Chicago Civic Federation proposes sweeping budget fixes

CHICAGO (WLS) -- A big tax hike may be the only way for Illinois to get its financial house in order, and that's just one of the tough measures suggested by the Chicago Civic Federation in its five-year plan to solve the state budget crisis.

Illinois has been without a budget for 19 months. Billions of dollars in unpaid bills have forced social services for the most vulnerable to be slashed, and the lack of budget is costing tax payers more and more every day.

"We are the worst rated credit in the U.S. That means we pay hundreds of millions more than other states when we borrow money," said Laurence Msall, president of the Chicago Civic Federation.

The non-partisan Civic Federation said the state must step up and solve the crisis. The budget watchdog group has released a five-year plan for lawmakers which calls for strict spending limits and tax hikes, including a 40 percent increase in state income tax. The plan recommends the current individual rate rise from 3.75 percent to 5.25 percent, which means an extra $750 a year if you make an annual income of $50,000.

The Civic Federation also said it's time for Illinois to tax retirement income other than Social Security, something 41 other states already do.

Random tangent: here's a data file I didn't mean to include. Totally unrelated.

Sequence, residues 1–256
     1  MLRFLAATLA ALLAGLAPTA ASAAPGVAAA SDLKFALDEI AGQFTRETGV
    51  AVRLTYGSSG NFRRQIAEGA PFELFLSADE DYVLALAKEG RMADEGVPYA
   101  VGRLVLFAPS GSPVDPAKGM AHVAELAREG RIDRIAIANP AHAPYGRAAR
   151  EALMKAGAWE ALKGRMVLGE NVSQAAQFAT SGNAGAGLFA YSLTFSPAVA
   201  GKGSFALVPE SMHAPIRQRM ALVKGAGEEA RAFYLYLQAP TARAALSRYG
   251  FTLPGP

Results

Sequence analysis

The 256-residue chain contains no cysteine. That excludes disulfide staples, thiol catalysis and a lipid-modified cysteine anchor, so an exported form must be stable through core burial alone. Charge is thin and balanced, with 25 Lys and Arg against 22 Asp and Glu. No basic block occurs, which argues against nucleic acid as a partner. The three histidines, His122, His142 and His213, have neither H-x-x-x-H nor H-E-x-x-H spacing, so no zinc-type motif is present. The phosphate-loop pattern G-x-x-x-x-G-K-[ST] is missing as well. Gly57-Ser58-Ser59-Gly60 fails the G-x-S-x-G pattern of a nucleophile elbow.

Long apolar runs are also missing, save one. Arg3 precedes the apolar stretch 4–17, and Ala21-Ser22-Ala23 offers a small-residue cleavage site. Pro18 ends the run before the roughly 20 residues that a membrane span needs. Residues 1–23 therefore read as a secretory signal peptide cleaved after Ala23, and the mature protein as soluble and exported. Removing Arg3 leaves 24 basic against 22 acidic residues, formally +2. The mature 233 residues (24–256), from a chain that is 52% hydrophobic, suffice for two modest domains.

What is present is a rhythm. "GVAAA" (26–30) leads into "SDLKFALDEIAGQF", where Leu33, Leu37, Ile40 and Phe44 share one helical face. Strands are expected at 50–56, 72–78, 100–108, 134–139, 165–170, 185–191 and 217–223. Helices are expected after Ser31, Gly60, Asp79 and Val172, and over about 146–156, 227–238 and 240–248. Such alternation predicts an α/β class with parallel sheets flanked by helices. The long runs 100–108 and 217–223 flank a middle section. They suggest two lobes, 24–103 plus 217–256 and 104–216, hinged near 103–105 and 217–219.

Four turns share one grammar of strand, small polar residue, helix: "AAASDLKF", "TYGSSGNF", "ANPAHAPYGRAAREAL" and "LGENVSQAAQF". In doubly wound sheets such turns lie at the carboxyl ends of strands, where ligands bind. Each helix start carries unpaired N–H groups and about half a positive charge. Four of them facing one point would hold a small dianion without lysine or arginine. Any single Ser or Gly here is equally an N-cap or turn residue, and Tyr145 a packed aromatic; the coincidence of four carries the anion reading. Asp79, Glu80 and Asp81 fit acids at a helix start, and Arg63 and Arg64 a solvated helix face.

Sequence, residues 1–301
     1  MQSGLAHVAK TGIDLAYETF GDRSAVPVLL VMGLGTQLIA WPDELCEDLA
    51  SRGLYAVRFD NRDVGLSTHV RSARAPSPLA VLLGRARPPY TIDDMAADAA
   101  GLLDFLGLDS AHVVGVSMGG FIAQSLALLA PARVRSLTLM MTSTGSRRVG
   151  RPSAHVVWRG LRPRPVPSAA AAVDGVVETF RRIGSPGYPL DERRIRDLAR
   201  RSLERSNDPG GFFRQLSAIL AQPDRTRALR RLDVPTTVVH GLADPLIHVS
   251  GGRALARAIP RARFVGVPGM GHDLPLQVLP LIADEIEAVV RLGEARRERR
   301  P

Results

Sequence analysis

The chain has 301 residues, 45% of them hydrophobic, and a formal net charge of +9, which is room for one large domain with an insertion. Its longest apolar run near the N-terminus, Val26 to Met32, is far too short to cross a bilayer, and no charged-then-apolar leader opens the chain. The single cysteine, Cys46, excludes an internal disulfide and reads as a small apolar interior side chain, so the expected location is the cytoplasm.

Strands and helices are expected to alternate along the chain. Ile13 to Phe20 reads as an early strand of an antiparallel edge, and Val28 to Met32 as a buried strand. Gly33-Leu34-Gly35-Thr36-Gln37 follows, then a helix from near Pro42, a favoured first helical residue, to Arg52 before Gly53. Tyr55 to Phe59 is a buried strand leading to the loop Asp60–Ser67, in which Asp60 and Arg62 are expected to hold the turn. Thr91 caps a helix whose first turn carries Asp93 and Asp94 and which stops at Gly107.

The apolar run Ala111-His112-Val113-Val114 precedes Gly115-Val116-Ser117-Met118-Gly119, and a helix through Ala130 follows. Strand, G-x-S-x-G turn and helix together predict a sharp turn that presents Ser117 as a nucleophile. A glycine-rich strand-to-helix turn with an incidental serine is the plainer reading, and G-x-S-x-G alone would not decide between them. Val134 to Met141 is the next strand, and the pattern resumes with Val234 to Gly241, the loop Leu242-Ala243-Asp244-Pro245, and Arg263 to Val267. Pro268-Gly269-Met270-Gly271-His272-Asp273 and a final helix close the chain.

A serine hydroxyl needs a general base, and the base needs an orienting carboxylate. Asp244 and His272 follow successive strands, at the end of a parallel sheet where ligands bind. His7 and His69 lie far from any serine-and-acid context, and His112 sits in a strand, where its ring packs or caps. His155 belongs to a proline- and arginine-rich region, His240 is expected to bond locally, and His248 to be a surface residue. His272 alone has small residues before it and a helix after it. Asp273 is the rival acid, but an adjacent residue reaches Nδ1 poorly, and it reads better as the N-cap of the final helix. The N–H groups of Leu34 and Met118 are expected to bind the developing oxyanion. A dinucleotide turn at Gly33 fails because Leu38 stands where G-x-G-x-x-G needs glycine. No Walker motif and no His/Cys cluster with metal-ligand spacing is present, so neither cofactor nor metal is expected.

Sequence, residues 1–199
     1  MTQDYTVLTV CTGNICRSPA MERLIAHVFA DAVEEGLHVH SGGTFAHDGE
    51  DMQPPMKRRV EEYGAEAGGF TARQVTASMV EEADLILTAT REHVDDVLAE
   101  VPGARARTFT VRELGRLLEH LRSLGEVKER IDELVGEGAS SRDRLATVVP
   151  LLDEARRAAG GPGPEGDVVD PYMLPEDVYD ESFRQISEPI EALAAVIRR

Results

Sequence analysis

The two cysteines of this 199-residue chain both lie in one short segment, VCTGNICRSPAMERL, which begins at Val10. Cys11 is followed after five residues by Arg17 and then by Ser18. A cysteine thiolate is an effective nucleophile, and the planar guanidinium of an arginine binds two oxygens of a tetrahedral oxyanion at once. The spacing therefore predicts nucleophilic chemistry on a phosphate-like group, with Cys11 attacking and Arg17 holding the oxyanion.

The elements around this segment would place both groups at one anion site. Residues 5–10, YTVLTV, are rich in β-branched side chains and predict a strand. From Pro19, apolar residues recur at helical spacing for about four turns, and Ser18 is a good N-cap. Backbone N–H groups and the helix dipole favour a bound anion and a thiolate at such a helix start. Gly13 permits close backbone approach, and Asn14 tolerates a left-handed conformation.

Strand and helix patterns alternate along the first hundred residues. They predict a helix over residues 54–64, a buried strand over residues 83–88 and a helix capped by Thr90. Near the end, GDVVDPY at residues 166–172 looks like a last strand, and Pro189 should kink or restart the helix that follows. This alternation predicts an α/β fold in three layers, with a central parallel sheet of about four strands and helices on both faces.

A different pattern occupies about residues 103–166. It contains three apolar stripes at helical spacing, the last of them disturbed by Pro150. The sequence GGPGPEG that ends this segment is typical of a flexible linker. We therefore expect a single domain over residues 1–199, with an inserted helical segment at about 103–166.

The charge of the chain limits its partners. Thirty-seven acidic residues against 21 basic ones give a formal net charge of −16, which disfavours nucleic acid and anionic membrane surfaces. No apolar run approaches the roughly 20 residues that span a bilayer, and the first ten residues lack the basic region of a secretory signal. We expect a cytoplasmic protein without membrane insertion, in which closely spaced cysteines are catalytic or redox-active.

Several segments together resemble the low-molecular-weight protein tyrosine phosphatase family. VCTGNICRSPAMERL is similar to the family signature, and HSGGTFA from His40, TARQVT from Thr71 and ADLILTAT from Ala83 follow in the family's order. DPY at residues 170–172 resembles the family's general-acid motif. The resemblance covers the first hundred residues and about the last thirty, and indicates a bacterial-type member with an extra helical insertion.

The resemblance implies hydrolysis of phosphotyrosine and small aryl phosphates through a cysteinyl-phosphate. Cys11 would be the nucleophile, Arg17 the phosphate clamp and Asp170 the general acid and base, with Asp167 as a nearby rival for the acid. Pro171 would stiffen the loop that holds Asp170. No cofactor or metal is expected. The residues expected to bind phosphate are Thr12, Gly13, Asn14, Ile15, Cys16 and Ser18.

"It's literally worth over $2 billion to the state of Illinois in revenue by not taxing retirement income," Msall said.

The plan also calls for reducing the sales tax rate by expanding it to include consumer services such as haircuts and manicures. These sweeping recommendations come as Governor Bruce Rauner is scheduled to give his budget speech next week. He refused to weigh in on the Civic Federation's report Friday.

"There are a lot of ideas being discussed, many proposals on the table. At this point, I don't think it is appropriate for me to weigh in," Rauner said.

To control spending, the Civic Federation recommended consolidating the number of local governments. The watchdog group said Illinois has by far the highest number of local governments of any state. Its report also says the state can save money by merging pension funds.

The report could be a tough sell to lawmakers.
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